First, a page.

The other day I was lurking on the PowerShell forum and found a question about importing an Excel spreadsheet to use for AD user account creation. It looked like a quick fix so I decided to give it a go. I am new to PowerShell so real world ideas like this one provide a great way for me to learn while also helping out in the community. Needless to say, I found out that it wasn’t the quick fix that I thought it would be.
I decided to use a CSV file as the source rather than Excel since I was working on a server that did not have Excel installed and pretty quickly got the script to work using the ActiveDirectory module provided by Microsoft. When I went to verify the results, however, all of the programmatically created users were disabled. What good is a ‘working’ script if the output doesn’t provide the required functionality. All of the accounts were created, but, I was unable to even manually enable the account due to an error that the password did not meet my domains complexity requirements. I verified that the password used in the script, was actually a valid password. I could reset the user’s password to the one in the csv file and enable the AD account without any errors. This pointed to an issue with the way I was setting the password in the script. I googled the issue and low and behold there was a blog written about this exact issue.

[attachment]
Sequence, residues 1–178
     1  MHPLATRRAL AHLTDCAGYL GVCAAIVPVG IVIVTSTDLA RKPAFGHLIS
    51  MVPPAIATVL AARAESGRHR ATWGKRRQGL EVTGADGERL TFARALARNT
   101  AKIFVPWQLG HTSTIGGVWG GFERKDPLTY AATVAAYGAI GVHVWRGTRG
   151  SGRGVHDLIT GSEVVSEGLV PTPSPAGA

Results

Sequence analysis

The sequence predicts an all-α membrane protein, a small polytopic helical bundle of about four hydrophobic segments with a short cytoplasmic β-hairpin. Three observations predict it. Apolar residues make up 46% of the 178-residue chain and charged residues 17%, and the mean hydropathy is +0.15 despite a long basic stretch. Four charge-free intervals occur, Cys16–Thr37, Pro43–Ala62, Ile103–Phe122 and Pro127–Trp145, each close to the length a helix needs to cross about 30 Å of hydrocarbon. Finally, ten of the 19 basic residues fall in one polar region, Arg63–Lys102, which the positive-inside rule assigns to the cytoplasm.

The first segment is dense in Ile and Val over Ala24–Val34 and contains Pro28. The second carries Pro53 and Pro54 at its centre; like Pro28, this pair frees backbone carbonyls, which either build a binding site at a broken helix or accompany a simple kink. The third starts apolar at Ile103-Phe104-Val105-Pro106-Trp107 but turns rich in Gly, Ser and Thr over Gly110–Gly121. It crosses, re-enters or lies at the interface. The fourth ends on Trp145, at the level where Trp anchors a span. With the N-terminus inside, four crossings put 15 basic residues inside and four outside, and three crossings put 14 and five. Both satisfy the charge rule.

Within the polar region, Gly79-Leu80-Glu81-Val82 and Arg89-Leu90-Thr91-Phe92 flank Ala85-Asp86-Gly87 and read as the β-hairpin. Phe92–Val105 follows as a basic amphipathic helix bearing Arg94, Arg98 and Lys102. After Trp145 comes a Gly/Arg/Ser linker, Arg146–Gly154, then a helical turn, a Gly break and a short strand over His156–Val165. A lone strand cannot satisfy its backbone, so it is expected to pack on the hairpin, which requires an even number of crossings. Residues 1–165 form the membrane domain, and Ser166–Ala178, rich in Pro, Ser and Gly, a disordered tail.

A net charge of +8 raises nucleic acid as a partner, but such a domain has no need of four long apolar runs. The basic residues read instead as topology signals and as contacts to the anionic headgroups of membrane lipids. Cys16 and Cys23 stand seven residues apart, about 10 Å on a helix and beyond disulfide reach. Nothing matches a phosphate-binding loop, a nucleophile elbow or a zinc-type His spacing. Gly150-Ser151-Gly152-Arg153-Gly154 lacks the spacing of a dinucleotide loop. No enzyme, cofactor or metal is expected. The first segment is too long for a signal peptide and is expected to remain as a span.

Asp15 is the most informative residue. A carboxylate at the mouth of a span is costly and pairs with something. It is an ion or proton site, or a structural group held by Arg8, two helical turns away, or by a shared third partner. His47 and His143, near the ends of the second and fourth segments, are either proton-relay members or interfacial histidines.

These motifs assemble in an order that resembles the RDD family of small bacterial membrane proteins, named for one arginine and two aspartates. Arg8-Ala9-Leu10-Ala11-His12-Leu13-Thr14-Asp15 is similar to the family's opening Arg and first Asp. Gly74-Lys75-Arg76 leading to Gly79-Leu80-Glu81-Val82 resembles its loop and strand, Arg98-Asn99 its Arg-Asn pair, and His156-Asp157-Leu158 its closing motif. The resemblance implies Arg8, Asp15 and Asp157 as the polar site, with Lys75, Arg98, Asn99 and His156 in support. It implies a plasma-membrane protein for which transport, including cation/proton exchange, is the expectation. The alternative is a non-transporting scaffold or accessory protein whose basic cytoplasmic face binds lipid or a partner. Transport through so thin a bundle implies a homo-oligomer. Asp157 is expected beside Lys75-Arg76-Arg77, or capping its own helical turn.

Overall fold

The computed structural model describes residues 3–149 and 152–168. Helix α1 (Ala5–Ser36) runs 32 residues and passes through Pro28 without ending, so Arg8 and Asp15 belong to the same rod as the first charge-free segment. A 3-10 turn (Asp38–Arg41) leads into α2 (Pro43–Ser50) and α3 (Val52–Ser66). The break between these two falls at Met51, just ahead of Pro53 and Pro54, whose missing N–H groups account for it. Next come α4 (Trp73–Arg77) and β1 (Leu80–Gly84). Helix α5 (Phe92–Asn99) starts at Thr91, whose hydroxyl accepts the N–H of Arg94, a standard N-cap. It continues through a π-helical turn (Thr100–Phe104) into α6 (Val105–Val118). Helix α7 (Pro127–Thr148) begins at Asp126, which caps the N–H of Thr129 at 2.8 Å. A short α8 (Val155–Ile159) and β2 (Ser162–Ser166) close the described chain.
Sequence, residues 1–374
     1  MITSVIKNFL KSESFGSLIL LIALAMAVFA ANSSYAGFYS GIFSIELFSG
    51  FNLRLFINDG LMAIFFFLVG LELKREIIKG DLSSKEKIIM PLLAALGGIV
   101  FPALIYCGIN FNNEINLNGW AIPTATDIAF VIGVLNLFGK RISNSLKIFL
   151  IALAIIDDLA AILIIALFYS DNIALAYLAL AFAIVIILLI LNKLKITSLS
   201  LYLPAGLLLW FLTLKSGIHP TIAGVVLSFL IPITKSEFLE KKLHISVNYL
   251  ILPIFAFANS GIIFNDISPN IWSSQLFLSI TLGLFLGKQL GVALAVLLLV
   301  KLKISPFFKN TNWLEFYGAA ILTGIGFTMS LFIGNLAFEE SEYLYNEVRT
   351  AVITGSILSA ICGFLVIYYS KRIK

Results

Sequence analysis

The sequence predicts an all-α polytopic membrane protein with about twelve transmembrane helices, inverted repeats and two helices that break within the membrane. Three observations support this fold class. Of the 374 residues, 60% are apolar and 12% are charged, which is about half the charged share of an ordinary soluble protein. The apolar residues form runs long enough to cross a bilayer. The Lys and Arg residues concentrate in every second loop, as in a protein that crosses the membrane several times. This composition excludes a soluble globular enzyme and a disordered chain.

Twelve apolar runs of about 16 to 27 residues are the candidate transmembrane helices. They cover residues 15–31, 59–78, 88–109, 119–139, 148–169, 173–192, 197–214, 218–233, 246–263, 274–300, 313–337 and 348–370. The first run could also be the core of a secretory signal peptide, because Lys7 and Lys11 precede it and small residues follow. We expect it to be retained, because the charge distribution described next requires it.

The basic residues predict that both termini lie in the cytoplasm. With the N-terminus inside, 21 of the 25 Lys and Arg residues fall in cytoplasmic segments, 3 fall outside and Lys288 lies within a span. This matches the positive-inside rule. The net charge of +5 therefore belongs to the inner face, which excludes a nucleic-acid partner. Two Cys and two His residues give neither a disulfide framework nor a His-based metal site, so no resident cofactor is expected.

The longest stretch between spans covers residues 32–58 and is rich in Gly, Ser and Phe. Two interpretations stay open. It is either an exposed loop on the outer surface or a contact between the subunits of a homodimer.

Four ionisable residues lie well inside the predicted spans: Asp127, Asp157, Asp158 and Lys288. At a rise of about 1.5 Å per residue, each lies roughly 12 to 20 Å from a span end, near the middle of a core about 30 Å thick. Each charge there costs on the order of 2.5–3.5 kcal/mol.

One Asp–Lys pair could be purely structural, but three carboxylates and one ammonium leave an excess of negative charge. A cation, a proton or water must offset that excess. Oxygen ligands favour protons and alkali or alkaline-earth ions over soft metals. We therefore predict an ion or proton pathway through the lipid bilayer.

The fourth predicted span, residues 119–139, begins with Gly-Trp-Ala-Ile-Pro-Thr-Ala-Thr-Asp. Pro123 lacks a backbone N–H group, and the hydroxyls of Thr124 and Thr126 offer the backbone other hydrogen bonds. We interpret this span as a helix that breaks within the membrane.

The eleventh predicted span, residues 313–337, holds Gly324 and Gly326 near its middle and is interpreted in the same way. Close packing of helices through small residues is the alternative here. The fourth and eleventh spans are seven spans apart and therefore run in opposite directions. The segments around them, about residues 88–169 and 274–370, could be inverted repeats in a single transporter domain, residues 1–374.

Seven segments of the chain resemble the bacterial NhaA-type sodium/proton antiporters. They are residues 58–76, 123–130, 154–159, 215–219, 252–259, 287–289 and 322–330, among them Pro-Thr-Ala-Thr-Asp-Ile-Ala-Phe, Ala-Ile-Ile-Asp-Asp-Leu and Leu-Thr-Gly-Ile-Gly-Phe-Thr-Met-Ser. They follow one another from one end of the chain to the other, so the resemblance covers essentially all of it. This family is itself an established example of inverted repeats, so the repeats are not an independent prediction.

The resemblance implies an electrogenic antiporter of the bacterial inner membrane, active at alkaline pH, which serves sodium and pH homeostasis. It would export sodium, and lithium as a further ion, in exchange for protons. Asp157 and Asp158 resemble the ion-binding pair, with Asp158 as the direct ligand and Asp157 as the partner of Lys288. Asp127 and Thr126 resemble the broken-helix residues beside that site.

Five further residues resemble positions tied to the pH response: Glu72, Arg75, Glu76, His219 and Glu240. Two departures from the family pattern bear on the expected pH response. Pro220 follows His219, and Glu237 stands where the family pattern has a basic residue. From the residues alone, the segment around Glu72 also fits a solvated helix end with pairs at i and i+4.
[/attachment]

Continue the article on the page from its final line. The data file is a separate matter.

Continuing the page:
After integrating the code snippet from the above blog post, I was able to successfully create enabled and functional AD users. Here is the script and a sample CSV file that can be used as a starting point. Since there are so many fields that can be set for an AD user, I created a very small sample but this can be expanded to include any attributes that are required by your organization.
This is the sample CSV (newusers.csv) data that I used in testing the script.
I hope you find this script useful and it saves you time when needing to create bulk AD users in your production or test environments.